The Federal Circuit has determined to partially stay an ITC exclusion order as it pertains to products redesigned after the remedial orders issued. We have previously posted about Certain Network Devices, Related Software and Components Thereof (II); Inv. No. 337-TA-745 and the ITC’s refusal to stay its remedial orders after the Patent Trial and Appeal Board found the asserted patents unpatentable in an IPR proceeding. Respondent Arista has had better luck in the Federal Circuit obtaining a stay of the remedial orders for its redesigned products.
On December 19, 2014, Complainant Cisco filed a complaint alleging infringement by Arista of six patents, including U.S. Patent Nos. 6,377,577 and 7,224,668, and the Commission instituted the 945 investigation on January 27, 2015. After a trial, the presiding ALJ issued an ID on December 9, 2016, finding a violation of Section 337 due to Arista’s infringement of the ‘577 and ‘668 patents. The Commission completed its review of the ID on May 4, 2017, and issued its final determination that Arista violated Section 337 by infringing the asserted claims of the ‘577 patent and the ‘668 patent. As a remedy, the Commission issued a limited exclusion order barring Arista’s infringing switches from importation, and a cease and desist preventing Arista from engaging in specified domestic activities with respect to its infringing switches.
Shortly after the Commission’s final determination and issuance of the remedial orders, the Patent Trial and Appeal Board issued final written decisions finding the asserted claims of the ‘577 and ‘668 patents unpatentable. In view of the PTAB’s findings, Arista filed an emergency petition asking the ITC to rescind or suspend the remedial orders. The Commission denied Arista’s request, concluding that the PTAB’s final written determinations did not constitute changed circumstances warranting rescission of the LEO or CDO.
Arista then filed an emergency motion at the Federal Circuit seeking a stay of the Commission’s remedial orders. On September 22, 2017, the Federal Circuit denied the motion with respect to the products adjudicated as infringing by the ITC. However, the Federal Circuit stayed the ITC’s orders with respect to products that were redesigned by Arista in an attempt to avoid the claims of the asserted patents:
Arista’s motion to stay the ITC’s Limited Exclusion Order and the ITC’s Cease and Desist Order and for an interim stay of the orders pending resolution of its motion is denied, subject to the condition that the product redesign on which Cisco relies to deny irreparable harm must be permitted to enter the country, without being blocked by the Commission order under review in this case, unless and until Commission proceedings are initiated and completed to produce an enforceable determination that such a redesign is barred by the order here under review or by a new or amended order. Any such determination may itself be reviewed, if challenged, in this court.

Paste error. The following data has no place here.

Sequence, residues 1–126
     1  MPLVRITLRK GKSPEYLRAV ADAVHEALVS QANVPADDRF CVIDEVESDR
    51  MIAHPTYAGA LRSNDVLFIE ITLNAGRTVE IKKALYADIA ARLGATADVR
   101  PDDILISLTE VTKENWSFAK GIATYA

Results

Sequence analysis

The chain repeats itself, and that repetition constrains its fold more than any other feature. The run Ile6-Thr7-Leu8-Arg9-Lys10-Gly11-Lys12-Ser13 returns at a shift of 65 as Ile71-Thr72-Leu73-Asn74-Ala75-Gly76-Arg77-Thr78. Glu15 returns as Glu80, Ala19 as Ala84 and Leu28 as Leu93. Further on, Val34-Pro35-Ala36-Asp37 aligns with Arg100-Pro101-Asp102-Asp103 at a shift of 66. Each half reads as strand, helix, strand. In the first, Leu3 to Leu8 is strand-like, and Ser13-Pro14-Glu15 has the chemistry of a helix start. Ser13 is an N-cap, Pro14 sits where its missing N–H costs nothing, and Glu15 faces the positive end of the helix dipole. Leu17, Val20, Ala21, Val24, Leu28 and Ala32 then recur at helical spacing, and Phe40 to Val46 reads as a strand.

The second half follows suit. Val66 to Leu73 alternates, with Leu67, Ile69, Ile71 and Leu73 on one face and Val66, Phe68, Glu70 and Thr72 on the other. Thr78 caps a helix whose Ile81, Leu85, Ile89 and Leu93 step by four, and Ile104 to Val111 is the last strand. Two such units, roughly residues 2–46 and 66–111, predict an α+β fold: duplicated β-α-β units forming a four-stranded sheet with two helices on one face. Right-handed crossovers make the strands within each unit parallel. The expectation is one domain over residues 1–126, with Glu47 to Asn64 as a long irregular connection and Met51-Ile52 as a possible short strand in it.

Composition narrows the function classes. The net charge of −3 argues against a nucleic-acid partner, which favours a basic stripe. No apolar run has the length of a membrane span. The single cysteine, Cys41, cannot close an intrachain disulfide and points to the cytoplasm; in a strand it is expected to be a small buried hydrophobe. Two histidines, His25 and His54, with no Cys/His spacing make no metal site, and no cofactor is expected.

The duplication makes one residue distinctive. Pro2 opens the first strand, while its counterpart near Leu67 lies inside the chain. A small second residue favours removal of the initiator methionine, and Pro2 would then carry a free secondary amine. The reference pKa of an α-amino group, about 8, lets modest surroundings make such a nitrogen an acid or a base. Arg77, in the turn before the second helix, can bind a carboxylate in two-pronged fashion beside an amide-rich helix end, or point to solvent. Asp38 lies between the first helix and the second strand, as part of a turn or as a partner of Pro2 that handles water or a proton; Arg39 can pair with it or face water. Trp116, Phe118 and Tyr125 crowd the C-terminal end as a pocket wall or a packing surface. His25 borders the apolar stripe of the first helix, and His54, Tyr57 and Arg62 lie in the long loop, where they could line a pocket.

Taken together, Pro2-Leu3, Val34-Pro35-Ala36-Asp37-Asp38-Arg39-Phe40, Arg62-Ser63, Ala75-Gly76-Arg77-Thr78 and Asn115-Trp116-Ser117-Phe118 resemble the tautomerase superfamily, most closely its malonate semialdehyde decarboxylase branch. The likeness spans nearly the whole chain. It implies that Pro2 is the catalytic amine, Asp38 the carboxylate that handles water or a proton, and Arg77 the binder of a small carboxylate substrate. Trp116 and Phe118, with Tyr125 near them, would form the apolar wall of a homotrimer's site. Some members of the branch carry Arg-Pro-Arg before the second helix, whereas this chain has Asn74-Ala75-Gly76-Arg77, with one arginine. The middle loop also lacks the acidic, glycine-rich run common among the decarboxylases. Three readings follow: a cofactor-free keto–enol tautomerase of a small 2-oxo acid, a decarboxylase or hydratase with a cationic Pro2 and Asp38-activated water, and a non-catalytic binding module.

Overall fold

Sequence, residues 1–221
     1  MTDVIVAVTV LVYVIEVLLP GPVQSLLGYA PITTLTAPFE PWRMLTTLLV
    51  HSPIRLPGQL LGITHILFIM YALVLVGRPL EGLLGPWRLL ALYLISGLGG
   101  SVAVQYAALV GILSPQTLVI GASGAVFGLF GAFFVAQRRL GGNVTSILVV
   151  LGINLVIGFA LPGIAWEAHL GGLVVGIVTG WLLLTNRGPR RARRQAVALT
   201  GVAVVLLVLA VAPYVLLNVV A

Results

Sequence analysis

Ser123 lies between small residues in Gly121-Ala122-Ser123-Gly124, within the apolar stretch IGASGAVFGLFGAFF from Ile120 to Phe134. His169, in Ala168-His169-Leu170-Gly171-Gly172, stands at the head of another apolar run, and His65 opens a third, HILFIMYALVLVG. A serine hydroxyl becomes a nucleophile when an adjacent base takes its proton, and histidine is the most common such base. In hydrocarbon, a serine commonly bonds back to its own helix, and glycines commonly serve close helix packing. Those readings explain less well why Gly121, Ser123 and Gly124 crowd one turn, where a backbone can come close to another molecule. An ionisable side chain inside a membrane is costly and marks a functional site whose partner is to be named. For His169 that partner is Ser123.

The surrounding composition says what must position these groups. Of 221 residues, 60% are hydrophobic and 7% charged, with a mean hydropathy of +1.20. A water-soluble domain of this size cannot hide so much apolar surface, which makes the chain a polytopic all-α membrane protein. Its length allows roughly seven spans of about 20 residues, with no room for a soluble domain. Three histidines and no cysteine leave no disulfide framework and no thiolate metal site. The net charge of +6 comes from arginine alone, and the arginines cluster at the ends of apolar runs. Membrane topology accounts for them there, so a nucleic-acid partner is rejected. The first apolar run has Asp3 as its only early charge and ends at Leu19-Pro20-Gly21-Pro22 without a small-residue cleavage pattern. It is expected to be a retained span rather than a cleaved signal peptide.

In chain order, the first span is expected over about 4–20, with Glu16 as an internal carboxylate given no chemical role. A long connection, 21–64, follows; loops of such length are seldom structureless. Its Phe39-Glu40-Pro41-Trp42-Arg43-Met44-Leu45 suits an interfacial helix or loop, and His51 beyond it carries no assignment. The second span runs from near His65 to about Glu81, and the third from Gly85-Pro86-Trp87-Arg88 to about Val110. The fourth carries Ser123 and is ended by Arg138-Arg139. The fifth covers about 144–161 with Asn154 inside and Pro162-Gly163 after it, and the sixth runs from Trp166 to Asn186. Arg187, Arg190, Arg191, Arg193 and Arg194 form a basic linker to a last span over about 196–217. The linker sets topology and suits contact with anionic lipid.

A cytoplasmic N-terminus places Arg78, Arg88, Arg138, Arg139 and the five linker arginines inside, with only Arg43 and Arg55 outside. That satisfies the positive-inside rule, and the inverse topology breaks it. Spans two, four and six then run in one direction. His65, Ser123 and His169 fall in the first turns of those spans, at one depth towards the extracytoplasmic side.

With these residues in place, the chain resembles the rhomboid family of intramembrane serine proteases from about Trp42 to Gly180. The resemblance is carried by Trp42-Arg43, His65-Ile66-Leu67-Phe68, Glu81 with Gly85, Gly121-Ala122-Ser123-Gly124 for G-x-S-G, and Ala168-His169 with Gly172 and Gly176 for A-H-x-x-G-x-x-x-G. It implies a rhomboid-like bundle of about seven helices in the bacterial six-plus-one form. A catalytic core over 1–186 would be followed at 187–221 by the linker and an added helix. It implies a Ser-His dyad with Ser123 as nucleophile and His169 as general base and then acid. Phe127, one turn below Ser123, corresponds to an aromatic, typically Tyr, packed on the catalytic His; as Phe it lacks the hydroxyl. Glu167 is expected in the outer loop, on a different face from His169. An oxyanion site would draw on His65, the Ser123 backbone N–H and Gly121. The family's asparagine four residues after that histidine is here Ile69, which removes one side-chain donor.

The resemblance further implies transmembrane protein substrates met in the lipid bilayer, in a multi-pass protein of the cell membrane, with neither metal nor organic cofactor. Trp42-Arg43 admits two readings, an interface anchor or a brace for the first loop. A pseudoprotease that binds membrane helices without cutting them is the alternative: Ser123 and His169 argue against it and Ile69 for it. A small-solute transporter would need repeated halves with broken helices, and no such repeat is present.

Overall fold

The Federal Circuit appears to base its decision on Complainant Cisco’s argument in response to the motion to stay that Arista is not irreparably harmed because it has redesigned around the patents.
In response to the Federal Circuit’s order, on September 27, 2017, Cisco filed a petition at the ITC to modify the remedial orders to cover the redesigned products.
The Federal Circuit’s order highlights the value of redesigning accused products to avoid patent claims as a defense in ITC investigations. Ordinarily, it is best for a respondent to develop and introduce potential product redesigns early in the underlying investigation. By asking the ITC to consider the redesigned products in the underlying investigation, respondents can avoid having to defend their redesigned products in a later enforcement proceeding, and preclude sanctions in the event that the redesign still infringes. Here, Arista was able to obtain a rare stay at the Federal Circuit based on its redesign, but it remains unclear whether the CAFC would have ruled the way it did if Cisco had not relied on the redesigned products to rebut irreparable harm to Arista. Eventually, Cisco may be successful in excluding Arista’s redesigned product from importation. But for now, despite the ITC’s remedial orders, Arista can continue to import at least some of its products.